3 Lebanese soldiers killed near Syrian border
Two soldiers died in the attack on Tuesday early morning near the town of Arsal while the third one succumbed to wounds later in hospital, a source in the Lebanese military reported.
The attackers stormed the checkpoint in a Hummer car,
overpowering and killing the soldiers there, according to Lebanese
media. They took arms from the killed troops and used their vehicle
to flee back across the border.
Ali Hujairi, the municipal chief of the predominantly Sunni Arsal, told VDL radio that the city’s residents were not involved in the attack. He added some of the townsfolk pursued the attacker’s Hummer before it crossed the Syrian border.
The military was searching for the gunmen, who may have fled into neighboring Syria, Reuters reported citing Defence Minister Fayez Ghosn.
The army said that hours prior to the attack a rocket was fired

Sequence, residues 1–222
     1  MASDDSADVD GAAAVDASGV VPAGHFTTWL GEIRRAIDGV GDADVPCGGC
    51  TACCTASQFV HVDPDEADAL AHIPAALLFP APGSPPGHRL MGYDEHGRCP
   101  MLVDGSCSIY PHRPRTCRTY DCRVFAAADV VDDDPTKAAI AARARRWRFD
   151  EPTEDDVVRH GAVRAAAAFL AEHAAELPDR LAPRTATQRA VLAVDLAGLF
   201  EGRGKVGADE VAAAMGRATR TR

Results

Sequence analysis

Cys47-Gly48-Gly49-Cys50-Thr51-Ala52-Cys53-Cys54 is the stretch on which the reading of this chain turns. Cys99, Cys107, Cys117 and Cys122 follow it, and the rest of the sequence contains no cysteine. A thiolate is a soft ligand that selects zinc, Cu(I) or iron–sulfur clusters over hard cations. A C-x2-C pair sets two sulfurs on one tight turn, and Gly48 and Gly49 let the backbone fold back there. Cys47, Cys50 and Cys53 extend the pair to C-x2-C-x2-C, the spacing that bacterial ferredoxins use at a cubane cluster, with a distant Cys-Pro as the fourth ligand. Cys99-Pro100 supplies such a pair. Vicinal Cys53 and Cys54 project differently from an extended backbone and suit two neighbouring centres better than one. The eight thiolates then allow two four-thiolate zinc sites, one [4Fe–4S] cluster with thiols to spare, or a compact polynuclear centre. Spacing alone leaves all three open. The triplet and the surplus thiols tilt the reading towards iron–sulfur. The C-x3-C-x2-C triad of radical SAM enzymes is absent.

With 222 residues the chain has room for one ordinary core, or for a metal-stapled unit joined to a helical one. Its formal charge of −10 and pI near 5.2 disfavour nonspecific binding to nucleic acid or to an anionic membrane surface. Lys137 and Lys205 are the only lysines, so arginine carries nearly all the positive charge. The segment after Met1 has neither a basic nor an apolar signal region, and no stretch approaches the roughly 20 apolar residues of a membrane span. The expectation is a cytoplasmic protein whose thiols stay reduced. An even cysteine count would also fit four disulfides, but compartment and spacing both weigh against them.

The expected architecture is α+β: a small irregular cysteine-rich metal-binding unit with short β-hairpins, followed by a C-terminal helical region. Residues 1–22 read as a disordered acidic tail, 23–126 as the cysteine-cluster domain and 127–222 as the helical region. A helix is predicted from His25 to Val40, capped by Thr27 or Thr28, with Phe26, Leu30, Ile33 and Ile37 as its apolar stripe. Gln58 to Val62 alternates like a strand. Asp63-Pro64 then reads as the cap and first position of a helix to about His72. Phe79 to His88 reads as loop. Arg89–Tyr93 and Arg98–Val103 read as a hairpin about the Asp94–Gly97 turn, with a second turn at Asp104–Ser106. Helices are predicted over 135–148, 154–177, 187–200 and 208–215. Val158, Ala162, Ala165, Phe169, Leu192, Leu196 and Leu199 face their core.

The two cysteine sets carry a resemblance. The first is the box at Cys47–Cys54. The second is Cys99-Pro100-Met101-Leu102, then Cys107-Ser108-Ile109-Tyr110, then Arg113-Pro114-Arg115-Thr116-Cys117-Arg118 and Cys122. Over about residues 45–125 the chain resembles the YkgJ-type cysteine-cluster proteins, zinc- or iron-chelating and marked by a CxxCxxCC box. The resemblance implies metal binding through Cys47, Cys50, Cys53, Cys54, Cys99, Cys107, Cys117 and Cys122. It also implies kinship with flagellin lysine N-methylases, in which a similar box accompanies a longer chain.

into the mainly Shiite town of Hermel, about 30 km (20 miles) north
of Arsal, killing a woman and wounding two people.
The area is used by Syrian rebel forces and their Sunni supporters in Lebanon to smuggle fighters and arms from Lebanon to Syria.
Sporadic gunfights between Lebanese military and militants occur at the border. In February, four Lebanese soldiers and two gunmen were killed near Arsal.
The killings on Tuesday come days after Lebanon’s militant movement Hezbollah pledged more support for the government of Syria in its fight against the rebel forces.
Both the Syrian army and Hezbollah troops are currently engaged in an operation at the Lebanese-Syrian border aimed at capturing the area from rebels and their allies and cutting down the flow of arms and fighters. The border Syrian town of Qusair is in the focus of the fighting.
On Sunday two rockets hit a Hezbollah-controlled district of Lebanese capital, Beirut, injuring several people. Many observers said the attack was a response from pro-Syrian-rebel forces in Lebanon to Hezbollah support of the Syrian government.
Lebanon’s northern city of Tripoli saw deadly clashes between supporters of the two sides fighting in Syria. But until Sunday, Beirut was largely untouched by the Syrian conflict.